The ID tags have advantageous structural characteristics, as they are extremely small and transparent. This means that they are almost impossible to see and locate, which greatly reduces the risk that they will be tampered with.
In initial tests, the NEMS ID system proved to be highly promising and reliable. Moreover, the fingerprints it derived were found to be consistent and easy to identify using common wireless read out tools.
"The demonstration of the potential of NEMS spectral signatures to serve as a high-density information carrier medium is very exciting," Tabrizian said. "This is conceptually similar to the very essence of material science: The phonon spectrum of the material (i.e., the spectral distribution of the collective atomic vibrations) is a unique fingerprint of the material and governs a wide range of its fundamental properties. Our system does something similar, as it stores information in the spectral signature (i.e., a finite set of mechanical vibration modes) of a nanostructure."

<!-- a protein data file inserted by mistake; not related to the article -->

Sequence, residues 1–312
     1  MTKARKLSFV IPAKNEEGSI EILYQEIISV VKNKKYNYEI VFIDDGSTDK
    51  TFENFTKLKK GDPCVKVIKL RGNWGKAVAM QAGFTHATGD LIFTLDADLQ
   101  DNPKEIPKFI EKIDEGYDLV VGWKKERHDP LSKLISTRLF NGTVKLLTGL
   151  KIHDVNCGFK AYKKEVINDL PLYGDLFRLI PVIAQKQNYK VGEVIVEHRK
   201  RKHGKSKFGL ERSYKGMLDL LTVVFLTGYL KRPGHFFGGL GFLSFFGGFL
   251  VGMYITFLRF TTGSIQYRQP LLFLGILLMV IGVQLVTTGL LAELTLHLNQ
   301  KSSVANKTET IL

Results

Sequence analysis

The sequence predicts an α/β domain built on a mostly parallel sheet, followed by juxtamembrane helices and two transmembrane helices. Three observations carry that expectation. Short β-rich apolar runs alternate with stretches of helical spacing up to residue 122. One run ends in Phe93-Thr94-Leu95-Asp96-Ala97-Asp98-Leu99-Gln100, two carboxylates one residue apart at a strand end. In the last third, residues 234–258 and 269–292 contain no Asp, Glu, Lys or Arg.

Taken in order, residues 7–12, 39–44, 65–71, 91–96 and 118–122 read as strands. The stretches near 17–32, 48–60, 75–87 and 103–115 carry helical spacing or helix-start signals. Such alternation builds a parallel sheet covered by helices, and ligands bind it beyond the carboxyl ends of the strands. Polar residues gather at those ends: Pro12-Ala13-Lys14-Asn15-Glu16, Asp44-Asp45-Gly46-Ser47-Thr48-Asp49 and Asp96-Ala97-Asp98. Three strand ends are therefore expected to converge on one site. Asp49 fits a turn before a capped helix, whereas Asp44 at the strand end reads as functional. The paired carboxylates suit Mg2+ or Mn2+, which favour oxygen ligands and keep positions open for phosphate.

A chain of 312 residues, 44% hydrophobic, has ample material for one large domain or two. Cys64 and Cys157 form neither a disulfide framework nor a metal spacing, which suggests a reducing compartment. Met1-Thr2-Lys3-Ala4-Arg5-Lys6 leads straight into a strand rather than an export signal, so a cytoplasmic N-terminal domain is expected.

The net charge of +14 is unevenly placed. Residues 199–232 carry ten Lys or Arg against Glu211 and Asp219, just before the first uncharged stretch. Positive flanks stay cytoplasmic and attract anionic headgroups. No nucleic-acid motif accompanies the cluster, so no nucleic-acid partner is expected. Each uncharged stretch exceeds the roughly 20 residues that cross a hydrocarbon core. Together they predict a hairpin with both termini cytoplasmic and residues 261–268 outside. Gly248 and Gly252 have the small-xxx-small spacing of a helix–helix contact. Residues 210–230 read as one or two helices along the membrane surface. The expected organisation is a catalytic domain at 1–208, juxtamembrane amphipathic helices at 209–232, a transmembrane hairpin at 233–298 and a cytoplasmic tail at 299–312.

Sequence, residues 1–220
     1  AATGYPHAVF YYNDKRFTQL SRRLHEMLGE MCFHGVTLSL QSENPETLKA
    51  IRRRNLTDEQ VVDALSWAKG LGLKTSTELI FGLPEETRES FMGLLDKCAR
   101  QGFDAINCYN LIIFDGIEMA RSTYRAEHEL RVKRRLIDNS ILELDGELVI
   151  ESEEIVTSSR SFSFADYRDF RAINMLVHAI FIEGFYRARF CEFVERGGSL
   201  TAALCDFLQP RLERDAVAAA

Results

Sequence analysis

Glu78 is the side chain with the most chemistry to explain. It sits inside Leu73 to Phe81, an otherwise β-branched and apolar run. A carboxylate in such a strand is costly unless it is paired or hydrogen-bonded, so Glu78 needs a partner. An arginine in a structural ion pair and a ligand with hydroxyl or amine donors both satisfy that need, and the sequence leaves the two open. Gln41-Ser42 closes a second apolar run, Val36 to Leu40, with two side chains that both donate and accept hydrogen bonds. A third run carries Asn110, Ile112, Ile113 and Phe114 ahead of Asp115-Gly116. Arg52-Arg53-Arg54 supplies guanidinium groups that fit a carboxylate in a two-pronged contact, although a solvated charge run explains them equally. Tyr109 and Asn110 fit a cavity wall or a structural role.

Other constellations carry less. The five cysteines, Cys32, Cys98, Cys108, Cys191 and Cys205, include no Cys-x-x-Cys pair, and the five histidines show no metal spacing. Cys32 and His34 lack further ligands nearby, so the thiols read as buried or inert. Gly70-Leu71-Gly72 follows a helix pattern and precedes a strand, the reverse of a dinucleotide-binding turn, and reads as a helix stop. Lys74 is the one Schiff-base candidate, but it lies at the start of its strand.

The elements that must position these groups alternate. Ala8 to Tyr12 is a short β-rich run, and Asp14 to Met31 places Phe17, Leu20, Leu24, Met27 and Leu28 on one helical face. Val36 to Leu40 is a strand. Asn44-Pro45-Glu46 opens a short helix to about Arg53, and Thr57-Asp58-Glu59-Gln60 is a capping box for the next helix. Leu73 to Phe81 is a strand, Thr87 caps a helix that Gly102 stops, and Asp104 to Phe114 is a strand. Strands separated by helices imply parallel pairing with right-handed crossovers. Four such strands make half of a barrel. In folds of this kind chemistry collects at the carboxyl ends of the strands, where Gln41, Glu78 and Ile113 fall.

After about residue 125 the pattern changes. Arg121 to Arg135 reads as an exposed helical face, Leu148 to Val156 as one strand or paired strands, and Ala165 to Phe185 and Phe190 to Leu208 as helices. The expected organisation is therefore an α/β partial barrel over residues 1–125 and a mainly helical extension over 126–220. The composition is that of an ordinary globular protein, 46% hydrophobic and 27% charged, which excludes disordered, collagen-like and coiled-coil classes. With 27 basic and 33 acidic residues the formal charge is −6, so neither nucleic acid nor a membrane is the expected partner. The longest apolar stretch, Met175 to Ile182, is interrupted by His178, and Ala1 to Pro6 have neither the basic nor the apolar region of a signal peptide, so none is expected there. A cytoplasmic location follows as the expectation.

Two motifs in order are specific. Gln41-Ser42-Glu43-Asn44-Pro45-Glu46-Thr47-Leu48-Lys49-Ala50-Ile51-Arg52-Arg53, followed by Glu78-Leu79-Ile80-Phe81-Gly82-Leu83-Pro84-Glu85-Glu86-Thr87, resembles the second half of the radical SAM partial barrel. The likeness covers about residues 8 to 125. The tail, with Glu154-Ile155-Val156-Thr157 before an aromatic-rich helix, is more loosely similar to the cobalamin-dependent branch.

In their recent paper, the researchers primarily discuss the use of NEMS IDs as fingerprints. However, in the future, the system they developed could also be adapted to act as a tamper-proof storage platform for rewritable data, which could turn out to be more secure than most existing storage technologies. Tabrizian and his colleagues are currently investigating possible attacks targeting the system they developed in order to identify ways to further enhance their security.
"On the application side of things, we now also aim to optimize NEMS IDs to enable their integration on popular host materials, such as different types of paper and plastic, and we are also exploring their use in edible and liquid products," Tabrizian said. "From a physics perspective, on the other hand, we are investigating spectral configuration approaches, using material and device level engineering, to enable non-volatile information storage in NEMS IDs."